Federation of Research in Audiovisual Media and Ecology
FRAME is working closely with the foundation Film Spring Open to develop a green and sustainable audiovisual production system. Here are some examples highlighted during the Green Film Open or in the documentary Make an interactive and ecological film in pandemic times.
The production of a feature film produces on average 1000 tons of carbon, equivalent to the production of 1000 desktop computers. Supporting our teams through education on practices to reduce the ecological footprint is key. We all need to be aware of the impact of our actions and choices, but more importantly of our ability to do things differently.
One of the most common tools used in the production office is email. If you consider its entire life cycle, the simple act of sending a 1MB email is equivalent to using a 60-watt light bulb for 25 minutes, or the equivalent of 20 grams of CO2 emissions. Email consumes energy every time it is accessed, because the messages and their attachments are stored on servers around the world that are never switched off.
Another very common feature in production offices are home gateways (or boxes) that provide Internet access via modem and Wi-Fi. They operate day and night, including weekends, which represents 1% of the annual electricity consumption in France.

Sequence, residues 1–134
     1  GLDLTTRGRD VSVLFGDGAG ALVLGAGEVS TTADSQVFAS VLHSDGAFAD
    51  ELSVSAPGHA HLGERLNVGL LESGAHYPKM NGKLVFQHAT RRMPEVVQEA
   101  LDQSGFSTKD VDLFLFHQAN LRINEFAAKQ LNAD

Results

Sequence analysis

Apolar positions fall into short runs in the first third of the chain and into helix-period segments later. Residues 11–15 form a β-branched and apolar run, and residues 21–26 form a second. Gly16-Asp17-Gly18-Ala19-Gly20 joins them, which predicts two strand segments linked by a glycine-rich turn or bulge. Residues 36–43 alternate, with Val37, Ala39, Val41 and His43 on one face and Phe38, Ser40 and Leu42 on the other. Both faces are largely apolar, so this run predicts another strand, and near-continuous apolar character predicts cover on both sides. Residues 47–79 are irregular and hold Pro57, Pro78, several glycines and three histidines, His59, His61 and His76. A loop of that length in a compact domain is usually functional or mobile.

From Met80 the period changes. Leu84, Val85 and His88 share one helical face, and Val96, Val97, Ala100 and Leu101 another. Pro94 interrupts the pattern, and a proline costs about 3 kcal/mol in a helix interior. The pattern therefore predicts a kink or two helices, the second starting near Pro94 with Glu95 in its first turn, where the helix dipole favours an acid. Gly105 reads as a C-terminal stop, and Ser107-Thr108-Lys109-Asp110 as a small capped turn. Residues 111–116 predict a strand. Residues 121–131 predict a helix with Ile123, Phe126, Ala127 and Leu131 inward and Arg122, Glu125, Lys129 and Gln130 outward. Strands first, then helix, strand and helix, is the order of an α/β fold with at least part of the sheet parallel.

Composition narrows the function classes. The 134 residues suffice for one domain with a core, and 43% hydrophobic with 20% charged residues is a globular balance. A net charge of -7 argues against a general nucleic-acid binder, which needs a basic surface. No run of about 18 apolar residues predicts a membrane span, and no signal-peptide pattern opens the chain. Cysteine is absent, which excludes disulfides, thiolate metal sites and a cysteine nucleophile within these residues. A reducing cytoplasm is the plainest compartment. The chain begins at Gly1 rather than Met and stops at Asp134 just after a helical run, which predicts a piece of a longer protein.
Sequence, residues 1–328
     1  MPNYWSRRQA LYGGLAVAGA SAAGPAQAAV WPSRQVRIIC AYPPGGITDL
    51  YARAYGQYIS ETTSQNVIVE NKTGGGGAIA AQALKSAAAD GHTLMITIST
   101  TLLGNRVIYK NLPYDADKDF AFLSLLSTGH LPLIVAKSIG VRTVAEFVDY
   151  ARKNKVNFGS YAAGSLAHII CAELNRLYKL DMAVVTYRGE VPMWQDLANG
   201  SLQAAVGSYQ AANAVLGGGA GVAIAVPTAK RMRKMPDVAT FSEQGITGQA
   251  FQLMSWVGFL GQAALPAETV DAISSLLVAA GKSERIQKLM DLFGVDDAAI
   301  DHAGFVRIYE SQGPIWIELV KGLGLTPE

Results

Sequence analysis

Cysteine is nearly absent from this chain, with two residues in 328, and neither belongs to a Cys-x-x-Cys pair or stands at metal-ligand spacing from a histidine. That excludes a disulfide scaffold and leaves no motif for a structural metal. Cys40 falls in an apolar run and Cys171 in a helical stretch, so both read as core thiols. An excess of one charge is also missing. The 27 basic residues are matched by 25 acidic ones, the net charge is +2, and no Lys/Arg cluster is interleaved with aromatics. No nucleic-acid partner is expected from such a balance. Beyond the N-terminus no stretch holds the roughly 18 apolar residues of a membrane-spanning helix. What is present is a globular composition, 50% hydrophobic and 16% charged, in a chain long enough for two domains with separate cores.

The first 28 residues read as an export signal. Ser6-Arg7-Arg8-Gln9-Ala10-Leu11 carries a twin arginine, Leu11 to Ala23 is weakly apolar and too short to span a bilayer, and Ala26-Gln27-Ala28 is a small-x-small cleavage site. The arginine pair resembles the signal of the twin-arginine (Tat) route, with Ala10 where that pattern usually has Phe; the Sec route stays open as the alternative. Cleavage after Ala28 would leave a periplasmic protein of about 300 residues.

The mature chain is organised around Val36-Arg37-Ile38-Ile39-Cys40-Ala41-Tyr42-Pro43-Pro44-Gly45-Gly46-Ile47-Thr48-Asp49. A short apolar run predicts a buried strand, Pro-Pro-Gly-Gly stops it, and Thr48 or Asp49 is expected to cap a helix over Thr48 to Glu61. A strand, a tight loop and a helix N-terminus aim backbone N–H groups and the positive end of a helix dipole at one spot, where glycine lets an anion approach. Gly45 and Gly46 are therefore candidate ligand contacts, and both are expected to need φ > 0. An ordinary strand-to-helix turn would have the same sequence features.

Generators are to be avoided from an ecological point of view because they have a very low energy yield and pollute because they run on oil or gas. We work with the solar engineers and technicians, Vincent Theven and Florent Faget. We use their ecological groups which, thanks to solar energy, do not pollute. Furthermore, they are silent compared to generators, which is a great advantage for the sound recording. In order to avoid excessive energy losses, there are LED technology, for example, which consumes less energy and can be operated with simple external solar batteries.
Cutting down on travel is also important. We aim to concentrate our production in one, same place. When it is not possible to avoid travel, it’s possible to buy back carbon debt through websites such as www.goodplanet.org.
While on set, we use as little plastic as possible and buy directly in glass containers. It is also important to use hard dishes rather than disposable plastic and to keep the same glass as long as possible. For example, by writing our name on it.
For food, buying local produce is always better to avoid the cost of transporting food, and in the same spirit, cutting back on processed food also yields health benefits for our teams.
Take a look at how we’re achieving increased sustainability in Please mon amour by singer Dayan, directed by Lou Baron and Florent Pallares.
The footage was shot at 12, 800 iso to use as little energy as possible, and all the equipment was powered by solar energy.
Interested in our FRAME project? Come and join us.